Just like the rest of America, I watched HBO’s retelling of Dylan Farrow’s and Woody Allen’s trial by media, “Allen V. Farrow.” And, like most of America, I didn’t find anything remarkable in it. It was without a doubt powerful and moving to see adult Farrow telling the story from her perspective, uncensored and verbatim in all its horror, but “Allen V. Farrow” still doesn’t deviate hugely from your average true-crime schlock; somber music, grainy vintage footage, salacious voiceovers, and although it has no narration, it has enough predatory monologues from Allen to make up for it. So all that in mind, it’s no surprise that “Allen V. Farrow” didn’t remain in my head much until it went out the other ear, at least not until I saw a few odd editorials that stuck out from the mostly glowing reviews that asked important questions: who is “Allen V. Farrow” helping? Is it exploitative? Is that exploitation somehow worth it?
These are questions that are relevant to all journalism, crime journalism especially, so as the staff of the Campanil we sat down to try and answer some questions of our own. I told my colleagues what I had watched and read, and I asked them: as consumers, potential true crime fans and as journalists, how can we cover sensitive and sensational subjects without exploiting them?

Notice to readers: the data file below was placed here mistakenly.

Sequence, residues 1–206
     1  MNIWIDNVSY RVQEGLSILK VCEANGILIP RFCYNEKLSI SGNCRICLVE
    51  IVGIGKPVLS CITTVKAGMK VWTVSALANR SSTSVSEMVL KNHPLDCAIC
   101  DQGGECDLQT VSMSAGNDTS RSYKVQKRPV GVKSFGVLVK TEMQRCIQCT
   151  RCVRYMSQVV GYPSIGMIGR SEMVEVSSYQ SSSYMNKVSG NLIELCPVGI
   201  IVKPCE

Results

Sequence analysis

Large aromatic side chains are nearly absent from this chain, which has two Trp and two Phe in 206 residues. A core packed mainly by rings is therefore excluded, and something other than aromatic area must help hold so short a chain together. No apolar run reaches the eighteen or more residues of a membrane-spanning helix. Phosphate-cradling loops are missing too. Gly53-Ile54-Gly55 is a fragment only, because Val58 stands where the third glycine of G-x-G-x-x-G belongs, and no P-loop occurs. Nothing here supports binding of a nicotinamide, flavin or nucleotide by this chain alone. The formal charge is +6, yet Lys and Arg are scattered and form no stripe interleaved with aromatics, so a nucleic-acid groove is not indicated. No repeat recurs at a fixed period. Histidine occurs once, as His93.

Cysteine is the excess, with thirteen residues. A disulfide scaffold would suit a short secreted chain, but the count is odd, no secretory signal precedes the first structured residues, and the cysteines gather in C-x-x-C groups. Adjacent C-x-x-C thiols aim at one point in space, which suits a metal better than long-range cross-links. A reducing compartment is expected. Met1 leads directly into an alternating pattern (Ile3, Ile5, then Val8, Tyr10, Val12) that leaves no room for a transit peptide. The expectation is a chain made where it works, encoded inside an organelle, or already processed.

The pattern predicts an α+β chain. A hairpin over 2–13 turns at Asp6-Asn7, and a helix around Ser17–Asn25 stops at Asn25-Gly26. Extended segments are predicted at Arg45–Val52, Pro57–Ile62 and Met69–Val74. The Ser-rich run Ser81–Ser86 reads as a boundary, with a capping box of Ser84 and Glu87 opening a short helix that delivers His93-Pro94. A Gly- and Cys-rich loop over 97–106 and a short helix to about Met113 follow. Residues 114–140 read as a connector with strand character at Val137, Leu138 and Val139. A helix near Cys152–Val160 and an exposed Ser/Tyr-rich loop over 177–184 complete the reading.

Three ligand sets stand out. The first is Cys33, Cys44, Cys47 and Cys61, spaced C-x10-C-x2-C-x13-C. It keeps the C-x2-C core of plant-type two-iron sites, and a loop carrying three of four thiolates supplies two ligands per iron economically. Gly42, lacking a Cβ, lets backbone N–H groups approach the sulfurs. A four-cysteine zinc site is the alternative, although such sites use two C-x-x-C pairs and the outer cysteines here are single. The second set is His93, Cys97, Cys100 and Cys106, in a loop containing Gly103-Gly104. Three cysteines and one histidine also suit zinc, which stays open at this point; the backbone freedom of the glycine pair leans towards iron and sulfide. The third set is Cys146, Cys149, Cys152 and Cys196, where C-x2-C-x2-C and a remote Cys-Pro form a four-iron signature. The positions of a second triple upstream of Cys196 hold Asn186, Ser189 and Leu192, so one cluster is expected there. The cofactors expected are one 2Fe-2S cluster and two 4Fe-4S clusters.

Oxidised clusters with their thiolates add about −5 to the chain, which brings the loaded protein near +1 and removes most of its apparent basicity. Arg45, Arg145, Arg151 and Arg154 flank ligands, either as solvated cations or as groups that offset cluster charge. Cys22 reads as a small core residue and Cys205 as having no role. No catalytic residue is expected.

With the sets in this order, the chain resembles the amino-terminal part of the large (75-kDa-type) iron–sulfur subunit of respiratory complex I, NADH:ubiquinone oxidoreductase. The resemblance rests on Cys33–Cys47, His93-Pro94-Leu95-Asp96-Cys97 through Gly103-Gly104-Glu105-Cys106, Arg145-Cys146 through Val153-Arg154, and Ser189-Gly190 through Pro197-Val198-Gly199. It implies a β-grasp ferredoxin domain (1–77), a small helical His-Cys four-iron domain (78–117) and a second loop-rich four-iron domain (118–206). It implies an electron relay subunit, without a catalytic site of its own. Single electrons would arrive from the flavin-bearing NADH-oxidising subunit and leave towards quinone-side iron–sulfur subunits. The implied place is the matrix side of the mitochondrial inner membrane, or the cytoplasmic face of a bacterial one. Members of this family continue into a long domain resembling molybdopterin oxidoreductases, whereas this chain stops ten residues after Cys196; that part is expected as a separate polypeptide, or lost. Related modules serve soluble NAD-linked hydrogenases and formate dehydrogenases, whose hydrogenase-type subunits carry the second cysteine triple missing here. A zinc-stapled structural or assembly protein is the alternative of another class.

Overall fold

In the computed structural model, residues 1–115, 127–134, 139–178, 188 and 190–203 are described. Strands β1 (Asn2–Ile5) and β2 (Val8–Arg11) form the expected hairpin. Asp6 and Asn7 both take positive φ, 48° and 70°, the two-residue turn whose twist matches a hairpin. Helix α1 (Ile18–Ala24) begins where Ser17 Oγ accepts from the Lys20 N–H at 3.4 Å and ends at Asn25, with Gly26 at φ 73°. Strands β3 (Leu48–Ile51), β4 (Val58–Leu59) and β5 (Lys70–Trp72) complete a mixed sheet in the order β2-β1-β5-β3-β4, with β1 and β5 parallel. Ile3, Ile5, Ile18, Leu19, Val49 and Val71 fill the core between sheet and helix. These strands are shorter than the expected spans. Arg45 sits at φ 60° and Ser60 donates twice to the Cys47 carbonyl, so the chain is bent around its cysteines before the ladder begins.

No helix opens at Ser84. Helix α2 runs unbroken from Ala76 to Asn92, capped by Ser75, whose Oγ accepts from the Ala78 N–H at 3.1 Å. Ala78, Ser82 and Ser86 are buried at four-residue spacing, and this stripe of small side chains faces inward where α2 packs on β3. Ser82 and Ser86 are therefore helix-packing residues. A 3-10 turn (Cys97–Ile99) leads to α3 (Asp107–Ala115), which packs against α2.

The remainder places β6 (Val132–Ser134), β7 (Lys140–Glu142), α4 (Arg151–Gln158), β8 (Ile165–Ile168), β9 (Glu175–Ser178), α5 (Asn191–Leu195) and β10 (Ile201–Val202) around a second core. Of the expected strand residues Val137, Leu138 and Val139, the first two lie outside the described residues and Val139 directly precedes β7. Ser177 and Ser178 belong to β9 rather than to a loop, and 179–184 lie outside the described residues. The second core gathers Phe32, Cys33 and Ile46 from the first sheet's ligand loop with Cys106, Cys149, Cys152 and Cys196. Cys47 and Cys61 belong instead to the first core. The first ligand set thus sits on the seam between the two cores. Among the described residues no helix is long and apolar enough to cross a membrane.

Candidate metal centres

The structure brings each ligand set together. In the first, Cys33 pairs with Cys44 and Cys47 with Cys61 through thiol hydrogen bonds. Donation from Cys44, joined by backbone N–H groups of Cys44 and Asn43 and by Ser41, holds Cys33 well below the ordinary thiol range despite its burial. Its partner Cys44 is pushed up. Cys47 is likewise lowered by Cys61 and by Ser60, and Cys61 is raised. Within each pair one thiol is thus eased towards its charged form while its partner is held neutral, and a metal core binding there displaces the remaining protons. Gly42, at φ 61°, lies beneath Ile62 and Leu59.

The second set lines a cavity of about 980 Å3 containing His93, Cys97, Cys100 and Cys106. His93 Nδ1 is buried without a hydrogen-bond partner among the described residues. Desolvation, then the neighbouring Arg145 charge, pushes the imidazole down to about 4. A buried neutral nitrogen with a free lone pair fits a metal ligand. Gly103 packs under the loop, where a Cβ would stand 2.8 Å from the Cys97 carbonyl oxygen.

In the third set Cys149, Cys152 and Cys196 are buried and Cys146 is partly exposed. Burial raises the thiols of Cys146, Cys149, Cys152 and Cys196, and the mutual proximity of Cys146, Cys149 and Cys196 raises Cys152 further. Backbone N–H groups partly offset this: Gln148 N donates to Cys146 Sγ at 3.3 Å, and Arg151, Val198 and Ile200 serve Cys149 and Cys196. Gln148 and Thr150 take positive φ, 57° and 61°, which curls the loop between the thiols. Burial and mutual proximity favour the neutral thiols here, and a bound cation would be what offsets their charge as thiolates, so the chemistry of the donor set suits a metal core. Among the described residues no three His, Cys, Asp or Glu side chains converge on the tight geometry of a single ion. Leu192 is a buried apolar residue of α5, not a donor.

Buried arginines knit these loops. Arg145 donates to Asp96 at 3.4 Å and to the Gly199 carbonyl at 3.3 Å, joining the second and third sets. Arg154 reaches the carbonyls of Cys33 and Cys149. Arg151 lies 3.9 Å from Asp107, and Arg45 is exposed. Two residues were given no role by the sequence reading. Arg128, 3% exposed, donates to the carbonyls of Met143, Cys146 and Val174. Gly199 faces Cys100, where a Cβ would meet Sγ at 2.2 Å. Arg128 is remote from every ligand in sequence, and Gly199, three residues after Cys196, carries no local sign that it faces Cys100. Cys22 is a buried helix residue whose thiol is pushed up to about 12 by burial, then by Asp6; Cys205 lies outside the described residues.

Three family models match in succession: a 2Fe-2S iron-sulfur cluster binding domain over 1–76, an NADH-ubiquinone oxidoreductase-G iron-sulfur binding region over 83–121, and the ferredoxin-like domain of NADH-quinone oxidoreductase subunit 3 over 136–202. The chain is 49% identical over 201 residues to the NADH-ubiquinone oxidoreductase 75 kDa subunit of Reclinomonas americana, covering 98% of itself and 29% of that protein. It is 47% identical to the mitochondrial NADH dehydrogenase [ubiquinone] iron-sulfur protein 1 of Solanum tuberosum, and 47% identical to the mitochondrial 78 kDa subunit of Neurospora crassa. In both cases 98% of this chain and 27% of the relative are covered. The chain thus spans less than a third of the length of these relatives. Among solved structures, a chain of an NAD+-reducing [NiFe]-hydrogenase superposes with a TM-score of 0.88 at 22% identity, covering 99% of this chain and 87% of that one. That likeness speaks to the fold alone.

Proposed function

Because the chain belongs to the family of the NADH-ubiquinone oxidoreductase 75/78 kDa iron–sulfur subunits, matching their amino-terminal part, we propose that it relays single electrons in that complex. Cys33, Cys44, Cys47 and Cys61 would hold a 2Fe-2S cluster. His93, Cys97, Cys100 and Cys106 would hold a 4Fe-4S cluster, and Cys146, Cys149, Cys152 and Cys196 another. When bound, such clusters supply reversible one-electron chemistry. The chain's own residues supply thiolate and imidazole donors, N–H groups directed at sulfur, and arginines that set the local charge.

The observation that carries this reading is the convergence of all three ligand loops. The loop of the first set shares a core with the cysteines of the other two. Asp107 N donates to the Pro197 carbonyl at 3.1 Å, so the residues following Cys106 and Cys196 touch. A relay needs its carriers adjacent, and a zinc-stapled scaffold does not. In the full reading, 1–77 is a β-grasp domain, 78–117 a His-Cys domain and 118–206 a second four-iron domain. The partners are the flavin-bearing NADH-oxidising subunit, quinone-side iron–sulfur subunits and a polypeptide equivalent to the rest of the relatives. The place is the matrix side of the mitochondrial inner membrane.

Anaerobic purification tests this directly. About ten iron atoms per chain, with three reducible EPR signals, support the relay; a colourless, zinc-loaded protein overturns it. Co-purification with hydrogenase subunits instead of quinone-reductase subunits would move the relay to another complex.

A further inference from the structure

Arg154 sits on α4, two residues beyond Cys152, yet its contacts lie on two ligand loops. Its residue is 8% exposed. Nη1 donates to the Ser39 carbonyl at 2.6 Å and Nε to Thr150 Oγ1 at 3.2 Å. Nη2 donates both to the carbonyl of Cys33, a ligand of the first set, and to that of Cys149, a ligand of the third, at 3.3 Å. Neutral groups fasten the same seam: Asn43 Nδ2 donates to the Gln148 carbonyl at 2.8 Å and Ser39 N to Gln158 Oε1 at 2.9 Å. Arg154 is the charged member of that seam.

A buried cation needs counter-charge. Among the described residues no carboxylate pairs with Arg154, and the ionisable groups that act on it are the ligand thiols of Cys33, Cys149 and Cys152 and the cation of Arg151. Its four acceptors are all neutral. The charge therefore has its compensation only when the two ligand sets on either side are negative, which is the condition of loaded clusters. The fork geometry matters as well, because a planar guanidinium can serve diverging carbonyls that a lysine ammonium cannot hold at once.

As writers for the Campanil, we believe that it is our moral imperative as journalists to avoid the exploitation of the subject by covering them in a way where they receive a direct benefit when appropriate. We also believe that one of the best ways to understand the function and practice of exploitative journalism is to look at the true-crime genre; while it’s not commonly covered in the Campanil, there’s no shortage of coverage elsewhere online, its quality ranging from respectful investigative journalism to shock-jockeying clickbait. (See: “The Thin Blue” line as opposed to the Oxygen network.)